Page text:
Predators who seek out children online may do so in many different environments, but the most likely place they’ll be lurking is chatrooms. You will almost certainly have a predator contact you, if you are a child going into a chatroom, as reported by the FBI. Unfortunately, this sad fact of modern life is true. Younger children do not belong in chatrooms, because they are not old enough to know who to trust, especially without supervision. The internet, especially chatrooms, is not a very trusting place, and children need to learn not to believe what anyone tells them, and watch what they reveal online. Another area to watch carefully is AOL Instant Messenger, because, next to chatrooms, this is where predators are looking for children.

If you want to protect your child better then make sure you are familiar with all their online activities. If your child tries to stop you from getting involved online with them, then you need to make it clear to them that you want to know what they are doing and who they are talking to when they are online. You do not need to live in fear about this but it is sensible for you to take basic precautions.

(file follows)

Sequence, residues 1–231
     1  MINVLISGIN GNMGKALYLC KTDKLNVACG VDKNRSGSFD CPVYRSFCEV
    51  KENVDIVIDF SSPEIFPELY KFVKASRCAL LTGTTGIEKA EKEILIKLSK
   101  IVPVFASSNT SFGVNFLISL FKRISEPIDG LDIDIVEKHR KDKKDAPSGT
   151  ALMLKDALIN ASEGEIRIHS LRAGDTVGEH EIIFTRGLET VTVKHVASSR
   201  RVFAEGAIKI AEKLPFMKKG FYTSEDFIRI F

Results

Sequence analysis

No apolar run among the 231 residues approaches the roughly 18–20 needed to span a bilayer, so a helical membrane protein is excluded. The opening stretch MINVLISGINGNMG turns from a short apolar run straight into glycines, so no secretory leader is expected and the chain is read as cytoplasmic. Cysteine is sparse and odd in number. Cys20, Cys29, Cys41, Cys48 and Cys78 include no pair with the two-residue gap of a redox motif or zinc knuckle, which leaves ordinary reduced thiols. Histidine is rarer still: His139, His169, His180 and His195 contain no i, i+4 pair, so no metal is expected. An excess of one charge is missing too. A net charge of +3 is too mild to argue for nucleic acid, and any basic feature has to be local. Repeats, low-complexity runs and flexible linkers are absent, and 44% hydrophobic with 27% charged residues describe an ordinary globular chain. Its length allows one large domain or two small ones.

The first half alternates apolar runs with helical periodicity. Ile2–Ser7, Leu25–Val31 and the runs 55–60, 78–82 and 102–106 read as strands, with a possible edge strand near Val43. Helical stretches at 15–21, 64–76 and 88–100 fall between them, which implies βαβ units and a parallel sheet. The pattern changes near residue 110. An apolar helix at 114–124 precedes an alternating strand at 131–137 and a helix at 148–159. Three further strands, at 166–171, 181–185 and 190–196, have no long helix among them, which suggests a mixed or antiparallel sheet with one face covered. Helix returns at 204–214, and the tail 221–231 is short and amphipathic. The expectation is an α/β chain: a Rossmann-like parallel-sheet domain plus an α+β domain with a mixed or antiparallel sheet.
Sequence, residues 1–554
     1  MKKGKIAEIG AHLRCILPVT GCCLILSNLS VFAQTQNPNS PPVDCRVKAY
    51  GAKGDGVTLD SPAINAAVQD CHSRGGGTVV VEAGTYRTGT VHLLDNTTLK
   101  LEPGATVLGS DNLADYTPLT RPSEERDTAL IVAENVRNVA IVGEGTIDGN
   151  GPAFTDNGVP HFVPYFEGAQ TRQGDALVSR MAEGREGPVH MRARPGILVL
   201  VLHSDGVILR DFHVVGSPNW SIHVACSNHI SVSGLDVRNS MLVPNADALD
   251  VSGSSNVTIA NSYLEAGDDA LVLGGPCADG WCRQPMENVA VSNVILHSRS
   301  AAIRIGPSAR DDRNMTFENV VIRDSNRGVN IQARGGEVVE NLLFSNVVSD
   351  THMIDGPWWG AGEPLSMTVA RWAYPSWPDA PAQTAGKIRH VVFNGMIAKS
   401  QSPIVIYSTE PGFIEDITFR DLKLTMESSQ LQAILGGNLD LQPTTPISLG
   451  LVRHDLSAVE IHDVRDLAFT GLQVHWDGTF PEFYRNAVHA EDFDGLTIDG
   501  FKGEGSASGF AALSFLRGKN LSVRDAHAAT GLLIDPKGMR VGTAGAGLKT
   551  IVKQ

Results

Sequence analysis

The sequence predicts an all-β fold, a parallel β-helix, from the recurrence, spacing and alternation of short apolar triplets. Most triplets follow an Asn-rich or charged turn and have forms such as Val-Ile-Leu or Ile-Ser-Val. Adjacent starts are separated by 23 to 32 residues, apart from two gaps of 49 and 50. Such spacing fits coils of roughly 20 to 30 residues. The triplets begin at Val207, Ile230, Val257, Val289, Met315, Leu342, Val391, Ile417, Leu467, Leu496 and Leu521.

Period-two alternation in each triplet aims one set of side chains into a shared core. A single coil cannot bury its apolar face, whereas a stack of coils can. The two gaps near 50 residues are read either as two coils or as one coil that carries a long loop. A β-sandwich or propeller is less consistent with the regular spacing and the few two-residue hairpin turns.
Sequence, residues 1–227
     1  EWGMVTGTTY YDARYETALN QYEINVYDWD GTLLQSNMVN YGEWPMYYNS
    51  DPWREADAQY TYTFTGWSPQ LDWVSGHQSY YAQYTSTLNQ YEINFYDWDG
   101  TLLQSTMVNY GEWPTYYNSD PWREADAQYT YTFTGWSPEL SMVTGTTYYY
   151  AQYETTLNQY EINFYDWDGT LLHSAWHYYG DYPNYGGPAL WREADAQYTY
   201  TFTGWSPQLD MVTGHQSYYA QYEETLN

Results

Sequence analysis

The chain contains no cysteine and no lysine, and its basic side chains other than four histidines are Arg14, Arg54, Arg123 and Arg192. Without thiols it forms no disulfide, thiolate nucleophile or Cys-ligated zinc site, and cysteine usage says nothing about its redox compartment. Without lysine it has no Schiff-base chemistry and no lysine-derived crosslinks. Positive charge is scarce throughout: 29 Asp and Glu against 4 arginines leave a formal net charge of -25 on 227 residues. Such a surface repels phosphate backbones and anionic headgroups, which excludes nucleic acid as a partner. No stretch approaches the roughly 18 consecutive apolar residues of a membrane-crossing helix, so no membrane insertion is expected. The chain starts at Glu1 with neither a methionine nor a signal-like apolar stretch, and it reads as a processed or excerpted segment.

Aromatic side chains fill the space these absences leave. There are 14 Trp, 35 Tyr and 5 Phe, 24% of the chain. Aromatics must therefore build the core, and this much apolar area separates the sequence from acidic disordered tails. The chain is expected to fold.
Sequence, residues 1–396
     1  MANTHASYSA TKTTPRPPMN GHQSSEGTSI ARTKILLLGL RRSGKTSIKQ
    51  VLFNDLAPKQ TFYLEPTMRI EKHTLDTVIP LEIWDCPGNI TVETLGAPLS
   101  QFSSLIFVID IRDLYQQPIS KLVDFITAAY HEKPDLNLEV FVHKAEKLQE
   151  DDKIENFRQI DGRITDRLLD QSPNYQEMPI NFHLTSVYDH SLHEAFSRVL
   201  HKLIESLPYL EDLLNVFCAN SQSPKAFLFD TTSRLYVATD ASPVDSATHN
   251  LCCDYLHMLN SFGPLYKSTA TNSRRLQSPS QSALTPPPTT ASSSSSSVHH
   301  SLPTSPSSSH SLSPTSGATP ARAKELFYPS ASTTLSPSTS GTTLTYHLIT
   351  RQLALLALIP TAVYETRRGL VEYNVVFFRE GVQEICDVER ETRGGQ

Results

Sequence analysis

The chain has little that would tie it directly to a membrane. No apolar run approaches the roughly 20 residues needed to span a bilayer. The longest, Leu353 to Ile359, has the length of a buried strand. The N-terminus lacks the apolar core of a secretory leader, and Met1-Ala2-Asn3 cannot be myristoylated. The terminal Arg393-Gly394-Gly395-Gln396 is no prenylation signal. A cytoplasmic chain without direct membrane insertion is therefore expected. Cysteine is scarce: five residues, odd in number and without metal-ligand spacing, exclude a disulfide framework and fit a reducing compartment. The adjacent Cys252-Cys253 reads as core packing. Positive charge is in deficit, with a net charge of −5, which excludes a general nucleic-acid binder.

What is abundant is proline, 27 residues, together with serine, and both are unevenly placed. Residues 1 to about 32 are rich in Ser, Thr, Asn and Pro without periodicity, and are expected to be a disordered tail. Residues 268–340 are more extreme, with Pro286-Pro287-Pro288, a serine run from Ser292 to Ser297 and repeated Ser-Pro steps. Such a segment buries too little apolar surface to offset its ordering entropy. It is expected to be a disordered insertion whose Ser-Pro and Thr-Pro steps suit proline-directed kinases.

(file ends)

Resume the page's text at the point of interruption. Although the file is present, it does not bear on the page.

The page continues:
Parenting is very difficult, but one thing which will help quite a bit is that if you possess a family pet, specifically a puppy dog. That will give everybody a common point to focus on whenever things get challenging. Why don’t you have a look at your neighborhood pet store right now?

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    Filed Under: Parenting Tagged with , , , , , , , , , , , , ,
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Aug

14

Tough Parenting Affection – Instructing Your Children

Posted By: Charles Chisato Xavier on August 14, 2011 at 9:09 am

There is a saying along the lines of nothing good you do will go unpunished. When trying to prepare our children for the challenges of the world and trying to be parents to them, it feels as if that saying targets us specifically. Of course, we all understand what it means to teach our kids various skills they will need. Seeing that it takes a while for adults to grasp the idea that their parents were teaching the valuable life lessons is quite interesting. Sometimes they hated it every step of the way and then later appreciated the lesson once they gained a little maturity.